Thirty-one years ago, almost to the day, I got off a plane at John F. Kennedy International Airport in Queens, New York, and saw, for the first time, the enterprise, affluence, inequality and decay that is America.
My friend’s mother picked us up in the biggest sports utility vehicle I’d ever seen, skillfully navigating pot holes and toll booths in heavy traffic. Trash was everywhere and rusty old factory buildings on the side of the road suggested a wealthier past. But all my friend’s mother talked about was her latest Apple computer which had just been released on the market that week.
They had a pool on their leafy Westchester County property and a housekeeper who shopped, cooked and cleaned. She’d been with the family for years and had managed to move to a decent apartment in Brooklyn with her daughter thanks to this gig, my friend explained. “It’s complicated.”
I had arrived in the richest country on Earth. This idea of superior wealth is repeated so often that many Americans still think of their nation that way.
This, I explain to my 13-year-old son, is why I’m planning to donate $100 and maybe more to the immigrant families who were left homeless by a natural gas explosion earlier this month. I just need to wait until pay day – because after covering the mortgage, and paying for my new contacts and groceries, there’s no money left for charity.
We’re middle-class Americans, struggling to maintain a nice lifestyle that, in some ways, pales in comparison to what middle-class Swedes enjoy. For us, every dollar counts because life here is expensive, especially for the not-so-wealthy.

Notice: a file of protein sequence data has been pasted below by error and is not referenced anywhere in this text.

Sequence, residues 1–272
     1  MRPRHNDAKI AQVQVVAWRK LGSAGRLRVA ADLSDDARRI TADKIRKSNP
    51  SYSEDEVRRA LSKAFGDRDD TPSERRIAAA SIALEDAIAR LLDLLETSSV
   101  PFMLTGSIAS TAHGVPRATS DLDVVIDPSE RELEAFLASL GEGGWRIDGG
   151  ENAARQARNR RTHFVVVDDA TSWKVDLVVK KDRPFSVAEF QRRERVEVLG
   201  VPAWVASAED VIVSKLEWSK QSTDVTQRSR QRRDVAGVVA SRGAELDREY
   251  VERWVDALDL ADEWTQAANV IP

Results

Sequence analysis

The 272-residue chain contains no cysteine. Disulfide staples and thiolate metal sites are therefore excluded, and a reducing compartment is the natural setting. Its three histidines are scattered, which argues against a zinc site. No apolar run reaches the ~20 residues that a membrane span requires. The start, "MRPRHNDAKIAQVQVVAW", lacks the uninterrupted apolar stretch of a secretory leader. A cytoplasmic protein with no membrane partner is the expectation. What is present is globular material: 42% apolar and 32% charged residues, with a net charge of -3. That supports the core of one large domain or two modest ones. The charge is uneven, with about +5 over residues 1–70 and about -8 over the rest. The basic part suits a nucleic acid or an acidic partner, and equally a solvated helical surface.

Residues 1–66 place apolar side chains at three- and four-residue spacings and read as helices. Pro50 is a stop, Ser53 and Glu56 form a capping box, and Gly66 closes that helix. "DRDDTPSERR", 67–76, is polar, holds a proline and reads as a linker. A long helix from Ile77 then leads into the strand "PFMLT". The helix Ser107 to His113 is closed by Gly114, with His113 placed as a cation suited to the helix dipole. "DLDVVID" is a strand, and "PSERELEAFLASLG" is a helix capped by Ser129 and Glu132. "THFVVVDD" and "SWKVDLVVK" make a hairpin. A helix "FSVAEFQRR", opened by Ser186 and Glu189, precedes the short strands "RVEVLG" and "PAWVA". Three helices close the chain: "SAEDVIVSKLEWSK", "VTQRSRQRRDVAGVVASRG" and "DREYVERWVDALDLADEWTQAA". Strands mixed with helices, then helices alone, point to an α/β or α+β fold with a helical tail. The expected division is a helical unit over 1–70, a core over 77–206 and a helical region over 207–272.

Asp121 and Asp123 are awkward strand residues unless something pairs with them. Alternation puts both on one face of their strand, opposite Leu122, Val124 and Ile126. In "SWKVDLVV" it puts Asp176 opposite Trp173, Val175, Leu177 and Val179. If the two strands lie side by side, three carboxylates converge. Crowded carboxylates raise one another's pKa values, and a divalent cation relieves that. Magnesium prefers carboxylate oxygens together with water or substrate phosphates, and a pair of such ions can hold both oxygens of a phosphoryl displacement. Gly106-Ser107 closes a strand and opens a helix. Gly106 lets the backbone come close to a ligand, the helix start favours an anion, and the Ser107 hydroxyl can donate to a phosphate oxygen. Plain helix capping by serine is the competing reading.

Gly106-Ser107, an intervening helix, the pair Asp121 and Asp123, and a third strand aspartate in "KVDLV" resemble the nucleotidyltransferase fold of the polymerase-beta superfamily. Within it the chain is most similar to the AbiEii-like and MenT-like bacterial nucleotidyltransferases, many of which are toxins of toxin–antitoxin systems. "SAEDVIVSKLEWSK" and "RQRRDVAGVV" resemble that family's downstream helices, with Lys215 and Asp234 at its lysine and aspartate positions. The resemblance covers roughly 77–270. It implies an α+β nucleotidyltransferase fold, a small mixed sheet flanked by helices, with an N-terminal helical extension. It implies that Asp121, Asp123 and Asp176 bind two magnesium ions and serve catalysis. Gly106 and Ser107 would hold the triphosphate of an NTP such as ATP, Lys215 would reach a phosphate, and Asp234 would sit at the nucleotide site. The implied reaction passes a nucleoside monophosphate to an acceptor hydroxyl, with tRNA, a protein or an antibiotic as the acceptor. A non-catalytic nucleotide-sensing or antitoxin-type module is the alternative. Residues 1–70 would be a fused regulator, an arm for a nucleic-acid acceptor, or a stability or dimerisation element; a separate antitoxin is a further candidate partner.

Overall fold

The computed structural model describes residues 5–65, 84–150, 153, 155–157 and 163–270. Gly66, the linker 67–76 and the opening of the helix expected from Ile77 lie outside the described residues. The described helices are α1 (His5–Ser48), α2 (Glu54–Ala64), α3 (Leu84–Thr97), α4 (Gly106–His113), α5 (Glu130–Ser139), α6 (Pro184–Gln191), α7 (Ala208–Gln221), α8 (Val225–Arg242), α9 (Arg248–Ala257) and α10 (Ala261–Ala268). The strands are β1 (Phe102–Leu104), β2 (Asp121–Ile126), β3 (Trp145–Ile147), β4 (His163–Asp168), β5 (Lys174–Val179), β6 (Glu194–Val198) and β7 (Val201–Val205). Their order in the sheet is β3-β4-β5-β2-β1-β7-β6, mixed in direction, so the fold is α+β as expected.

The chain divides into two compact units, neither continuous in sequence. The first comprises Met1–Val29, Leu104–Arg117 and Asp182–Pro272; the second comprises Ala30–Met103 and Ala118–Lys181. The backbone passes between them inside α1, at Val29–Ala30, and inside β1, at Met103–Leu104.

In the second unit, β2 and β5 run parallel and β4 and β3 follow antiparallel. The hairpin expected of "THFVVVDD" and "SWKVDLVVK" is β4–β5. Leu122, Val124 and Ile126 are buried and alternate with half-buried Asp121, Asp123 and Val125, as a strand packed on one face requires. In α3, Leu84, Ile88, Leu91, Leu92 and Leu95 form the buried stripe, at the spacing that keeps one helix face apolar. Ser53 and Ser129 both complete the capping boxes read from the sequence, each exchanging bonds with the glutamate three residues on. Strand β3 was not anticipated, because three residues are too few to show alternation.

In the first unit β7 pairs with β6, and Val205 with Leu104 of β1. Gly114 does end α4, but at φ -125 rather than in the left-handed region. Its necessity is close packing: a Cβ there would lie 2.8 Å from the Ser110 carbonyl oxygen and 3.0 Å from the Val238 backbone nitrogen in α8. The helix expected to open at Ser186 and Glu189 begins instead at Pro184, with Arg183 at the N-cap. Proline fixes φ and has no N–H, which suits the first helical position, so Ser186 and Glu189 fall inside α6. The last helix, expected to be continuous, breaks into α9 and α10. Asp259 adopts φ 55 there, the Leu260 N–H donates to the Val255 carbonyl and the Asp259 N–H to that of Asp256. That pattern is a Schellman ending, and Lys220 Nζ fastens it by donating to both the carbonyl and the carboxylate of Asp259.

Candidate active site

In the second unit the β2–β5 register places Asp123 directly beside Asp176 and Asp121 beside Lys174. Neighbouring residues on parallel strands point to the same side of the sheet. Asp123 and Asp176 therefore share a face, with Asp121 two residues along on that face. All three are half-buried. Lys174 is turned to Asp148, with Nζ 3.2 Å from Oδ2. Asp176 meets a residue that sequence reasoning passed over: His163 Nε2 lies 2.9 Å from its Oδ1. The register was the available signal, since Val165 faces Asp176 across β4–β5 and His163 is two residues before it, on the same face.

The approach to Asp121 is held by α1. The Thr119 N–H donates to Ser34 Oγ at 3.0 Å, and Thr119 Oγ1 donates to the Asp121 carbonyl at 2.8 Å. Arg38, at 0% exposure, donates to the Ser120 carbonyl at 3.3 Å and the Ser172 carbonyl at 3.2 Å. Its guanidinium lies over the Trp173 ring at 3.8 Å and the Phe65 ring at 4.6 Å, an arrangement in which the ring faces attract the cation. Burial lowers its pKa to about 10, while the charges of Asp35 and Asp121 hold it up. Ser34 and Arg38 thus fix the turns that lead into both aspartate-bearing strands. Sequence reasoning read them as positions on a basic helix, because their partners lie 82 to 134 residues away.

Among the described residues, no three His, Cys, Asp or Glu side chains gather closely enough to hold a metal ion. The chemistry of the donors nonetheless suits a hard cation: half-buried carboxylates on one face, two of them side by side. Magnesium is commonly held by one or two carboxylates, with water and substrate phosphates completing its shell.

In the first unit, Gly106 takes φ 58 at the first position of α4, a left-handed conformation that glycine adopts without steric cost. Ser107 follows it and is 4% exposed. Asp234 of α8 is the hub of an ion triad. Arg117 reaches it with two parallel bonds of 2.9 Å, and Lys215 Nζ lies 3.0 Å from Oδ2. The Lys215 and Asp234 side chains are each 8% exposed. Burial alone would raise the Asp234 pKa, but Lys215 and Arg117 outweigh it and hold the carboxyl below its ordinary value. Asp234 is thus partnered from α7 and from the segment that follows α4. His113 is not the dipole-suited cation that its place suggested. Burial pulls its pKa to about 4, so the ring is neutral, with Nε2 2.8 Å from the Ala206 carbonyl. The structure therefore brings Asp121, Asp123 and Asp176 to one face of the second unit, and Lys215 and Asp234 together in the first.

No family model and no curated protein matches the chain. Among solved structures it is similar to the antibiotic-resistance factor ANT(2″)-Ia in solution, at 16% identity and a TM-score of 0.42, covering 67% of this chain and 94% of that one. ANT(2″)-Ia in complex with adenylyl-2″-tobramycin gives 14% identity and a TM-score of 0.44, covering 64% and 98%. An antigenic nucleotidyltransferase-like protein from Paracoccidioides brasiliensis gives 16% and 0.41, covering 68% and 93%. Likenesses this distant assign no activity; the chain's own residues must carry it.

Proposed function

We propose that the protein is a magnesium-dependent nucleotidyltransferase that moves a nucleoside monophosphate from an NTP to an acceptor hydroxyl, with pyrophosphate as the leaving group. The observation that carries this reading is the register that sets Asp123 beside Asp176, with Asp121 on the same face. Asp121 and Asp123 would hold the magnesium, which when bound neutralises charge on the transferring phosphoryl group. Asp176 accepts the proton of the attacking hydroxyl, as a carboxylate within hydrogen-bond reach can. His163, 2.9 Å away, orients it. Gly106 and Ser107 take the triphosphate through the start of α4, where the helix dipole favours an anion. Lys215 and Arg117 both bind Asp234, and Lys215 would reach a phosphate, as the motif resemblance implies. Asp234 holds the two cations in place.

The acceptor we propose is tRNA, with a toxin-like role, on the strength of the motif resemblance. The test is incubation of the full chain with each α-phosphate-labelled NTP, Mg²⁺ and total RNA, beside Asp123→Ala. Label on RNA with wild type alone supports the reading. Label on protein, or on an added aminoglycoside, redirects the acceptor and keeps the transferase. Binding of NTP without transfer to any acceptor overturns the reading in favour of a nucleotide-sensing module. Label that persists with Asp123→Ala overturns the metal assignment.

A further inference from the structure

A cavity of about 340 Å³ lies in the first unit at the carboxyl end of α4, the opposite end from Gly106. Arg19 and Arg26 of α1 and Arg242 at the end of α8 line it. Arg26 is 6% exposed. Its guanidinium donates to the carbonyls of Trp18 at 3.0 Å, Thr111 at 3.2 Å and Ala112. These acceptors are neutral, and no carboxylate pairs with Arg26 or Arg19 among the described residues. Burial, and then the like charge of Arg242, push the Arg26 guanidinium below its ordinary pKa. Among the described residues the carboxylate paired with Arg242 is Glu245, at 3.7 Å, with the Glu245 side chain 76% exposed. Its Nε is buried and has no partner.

But let’s put things in perspective.
The owner of the apartment building that blew up earlier this month in Silver Spring, Maryland, a mere five-minute drive from where we live, had received more than 1,600 code violations in recent years for unsanitary conditions, rats, bed bugs, missing smoke detectors and a number of other problems that affect poor people in the richest nation on Earth.
Seven people died that night.
Newspapers and TV stations have interviewed people who were displaced, and some who live in adjacent apartment buildings owned by the same company. Families who still have a place to live don’t dare to turn their stoves back on.“We don’t feel safe here,” Angelica Alvarez, told The Washington Post.
At least 100 people remain homeless, some of whom cannot get certain government aid because they lack immigration documents. So it’s up to us to help – another very American idea.
The organizations that are assisting victims of the Silver Spring accident report that because of all food and clothes donations in recent days they only need money now. That’s where I plan to come in.
As soon as I have some extra money to spend. On Friday.